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Kim visit to Seoul a possibility: S Korea

06 December 2018

United States President Donald Trump will grant North Korea's leader Kim Jong Un his wishes if he delivers on denuclearisation, South Korean President Moon Jae-in has said, following talks on the sidelines of the Group of 20 (G-20) summit.

And the message was that President Trump has a very friendly view of Chairman Kim and that he likes him, and so he wishes Chairman Kim would implement the rest of their agreement and that he would make what Chairman Kim wants come true.

Korean President Moon Jae-in is in Auckland today and tomorrow and will meet with Prime Minister Jacinda Ardern and Foreign Minister Winston Peters to discuss trade, co-operation and global efforts to denuclearise North Korea.

In this undated photo released Monday, Dec. 3, 2018, by the North Korean government, North Korean leader Kim Jong Un, center, visits the Wonsan Shoes Factory in Gangwon, North Korea.

When asked about a future meeting, Trump said: "I think we're going to do one fairly (soon) - into January, February, I think". After their third meeting in Pyongyang, North Korea's capital, in September, Moon said Kim agreed to make a reciprocal visit to Seoul this year. When asked Saturday if he would ever host Kim in the United States, the Republican president replied: "At some point, yeah".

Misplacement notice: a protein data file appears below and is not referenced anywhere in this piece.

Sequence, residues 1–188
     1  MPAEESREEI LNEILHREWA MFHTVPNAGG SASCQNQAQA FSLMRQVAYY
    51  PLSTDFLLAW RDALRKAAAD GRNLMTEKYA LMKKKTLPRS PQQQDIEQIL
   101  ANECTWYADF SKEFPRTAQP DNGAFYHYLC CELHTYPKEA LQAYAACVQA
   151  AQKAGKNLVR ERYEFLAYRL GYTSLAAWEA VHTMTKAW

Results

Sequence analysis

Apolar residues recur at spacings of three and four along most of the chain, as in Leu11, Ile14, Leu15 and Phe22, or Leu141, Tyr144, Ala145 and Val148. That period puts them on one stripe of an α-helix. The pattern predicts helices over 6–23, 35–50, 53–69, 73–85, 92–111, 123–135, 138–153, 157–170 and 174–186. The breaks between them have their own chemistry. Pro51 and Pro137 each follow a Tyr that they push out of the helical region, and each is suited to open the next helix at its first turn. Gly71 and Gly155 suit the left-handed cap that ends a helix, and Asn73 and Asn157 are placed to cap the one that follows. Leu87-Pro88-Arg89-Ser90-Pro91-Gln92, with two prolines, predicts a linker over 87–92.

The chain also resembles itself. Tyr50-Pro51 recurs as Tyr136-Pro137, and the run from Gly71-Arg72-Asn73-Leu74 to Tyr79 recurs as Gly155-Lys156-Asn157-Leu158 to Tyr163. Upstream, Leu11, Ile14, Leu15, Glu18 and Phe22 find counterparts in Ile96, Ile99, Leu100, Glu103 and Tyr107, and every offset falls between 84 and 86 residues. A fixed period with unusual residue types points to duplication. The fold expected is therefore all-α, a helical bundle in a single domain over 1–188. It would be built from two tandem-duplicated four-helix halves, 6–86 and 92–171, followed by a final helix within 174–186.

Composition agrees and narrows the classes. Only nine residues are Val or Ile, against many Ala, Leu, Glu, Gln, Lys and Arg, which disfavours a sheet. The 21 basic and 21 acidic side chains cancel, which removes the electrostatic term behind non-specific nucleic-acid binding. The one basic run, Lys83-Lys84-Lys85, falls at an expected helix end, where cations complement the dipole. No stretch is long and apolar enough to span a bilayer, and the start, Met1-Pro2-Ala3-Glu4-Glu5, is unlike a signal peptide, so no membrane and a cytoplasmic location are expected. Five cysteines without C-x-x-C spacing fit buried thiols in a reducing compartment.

"This will be the first time that the North Korean leader will visit Seoul since Korea was divided into two countries", he said. But both Moon and Trump say fears of war on the Korean Peninsula have eased sharply.

North Korea had entered into agreements with regional powers in 1994 and in 2005 to dismantle its nuclear program in return for economic benefits and diplomatic rewards, but those deals broke down after Pyongyang clandestinely continued to pursue building weapons of mass destruction.

North and South Korea have begun to remove landmines and destroy some military bunkers along their common border as part of the detente.

Trump and Moon announced after their landmark summit in Singapore in June that they had agreed to work towards the denuclearisation of the Korean peninsula, although the two sides have since made little progress agreeing on a timeline or other concrete steps.

Differences also remain between Washington and Seoul on how to proceed with Mr Kim, as the dovish Mr Moon favours more robust engagement with the North.

Ban said he hopes their second summit will occur at a time when the global community feels confident about North Korea's commitment to denuclearisation.

Three sites are being considered, he added.

Kim visit to Seoul a possibility: S Korea